Holiday shopping? Main street is the place to be.
Back in the 1960s, holiday shopping was a special affair, an excursion to a stately downtown department store perhaps with its decorated windows and fancy tearoom for lunch.
Then came the mega-malls of the ‘70s and ‘80s, followed by the more-recent trend of turning to big-box outlets and impersonal online retailers.
Ultimately, though, something has been missing. People longed for the satisfying “experience” of a special shopping day. Browsing with a friend. Chatting with store owners. Waving to passers-by. Perhaps stopping for coffee or lunch.
And that’s why Main Street is back in style, according to Professor Kevin Ernst, a business management professor who specializes in entrepreneurship at Ohio Northern University. He explains that in a small town, the downtown area can be an economic stepping stone when the right mix of retailers exists.
“With the right city planning, downtown’s ‘main street’ can create that classic shopping experience that’s both relevant
and personal,” he says. “It establishes an inviting downtown where people can spend the whole day, whether they live in the community or make it a destination as a visitor.”
Downtown Bellefontaine, he adds, has designed the right mix
by building and attracting a community of entrepreneurs who own shops, restaurants, coffee shops and more. They not only sell goods … but also have pride in their establishments and offer the personal touches customers value.
The Fun Company is just such a spot. “All of the toys we sell are hand-picked by us,” says owner Mandy
Osterfeld. “We travel all over the country to find the latest and greatest in educational toys and games. Our products are specially ‘curated’ for this community, reflecting the needs of the people and schools. Plus, I’m a mom too, so I can relate to what people are looking for.”
The store, she adds, has a “concierge nature to it. We give our customers special care and attention, and listen to what they need.”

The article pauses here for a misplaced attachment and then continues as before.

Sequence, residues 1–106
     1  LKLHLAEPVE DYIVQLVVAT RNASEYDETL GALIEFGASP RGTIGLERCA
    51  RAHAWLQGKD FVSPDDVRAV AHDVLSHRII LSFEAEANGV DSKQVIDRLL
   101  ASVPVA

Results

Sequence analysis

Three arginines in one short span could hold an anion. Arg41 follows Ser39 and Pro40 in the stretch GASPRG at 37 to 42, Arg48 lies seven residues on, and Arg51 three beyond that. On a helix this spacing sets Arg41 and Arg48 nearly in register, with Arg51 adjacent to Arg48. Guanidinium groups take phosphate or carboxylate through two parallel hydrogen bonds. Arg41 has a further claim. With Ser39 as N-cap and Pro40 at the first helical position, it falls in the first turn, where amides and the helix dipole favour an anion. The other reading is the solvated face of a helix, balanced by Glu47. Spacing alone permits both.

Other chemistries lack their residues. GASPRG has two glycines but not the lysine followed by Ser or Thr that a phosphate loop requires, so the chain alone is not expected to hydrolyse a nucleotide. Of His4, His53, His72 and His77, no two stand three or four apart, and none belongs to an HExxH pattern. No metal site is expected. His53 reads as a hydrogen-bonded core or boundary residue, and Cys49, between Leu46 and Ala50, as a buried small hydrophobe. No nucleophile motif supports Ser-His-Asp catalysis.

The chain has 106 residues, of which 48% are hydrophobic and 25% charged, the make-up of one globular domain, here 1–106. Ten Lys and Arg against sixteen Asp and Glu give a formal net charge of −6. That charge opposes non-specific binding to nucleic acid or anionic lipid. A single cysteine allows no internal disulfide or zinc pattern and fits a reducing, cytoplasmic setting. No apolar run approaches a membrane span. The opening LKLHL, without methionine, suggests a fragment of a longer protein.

For instance, if a customer comes in looking for a gift for a 6-year-old granddaughter who loves crafts, “We can help them pick out something that will knock it out of the park, a gift that will be the perfect choice for her. We know our products inside out and love helping people find just the right thing.”
Her store was founded in the 1980s by a teacher; Mandy purchased The Education Station two years ago and has expanded to now offer a wide range of toys, games and puzzles that are educational in nature.
“Instead of carrying all the mass-marketed items, we offer a lot of things from small, independent sources and international favorites,” she says.
Likewise, Amanda Staas offers items based on customer feedback at her clothing and accessories store, Hanger Boutique. “I try to stock really unique items – some handmade, some locally made,” she explains. “Our customers really love super-soft fabrics – that’s what we’re known for. Pieces that are buttery soft that look great on and also are super comfortable.”
Both purveyors give a big shout-out to downtown Bellefontaine.
“I wouldn’t be anywhere else,” says Mandy. “We live downtown too. I just love being in the middle of it all, and downtown Bellefontaine is where it’s at.”
Adds Amanda, “It has a small town feel but the entrepreneurs here have big-town ideas.” The shops may be unique and independent, but they don’t have a “little” mindset – she says they all work together to create an inviting destination.
“We’re absolutely pulling people in from other areas who want to shop our local businesses,” she adds. “They can enjoy the whole experience. It’s easy to park and easy to walk around. You can come downtown with friends and family, visit our unique shops, and do lunch. It has a great vibe and makes a really nice day!”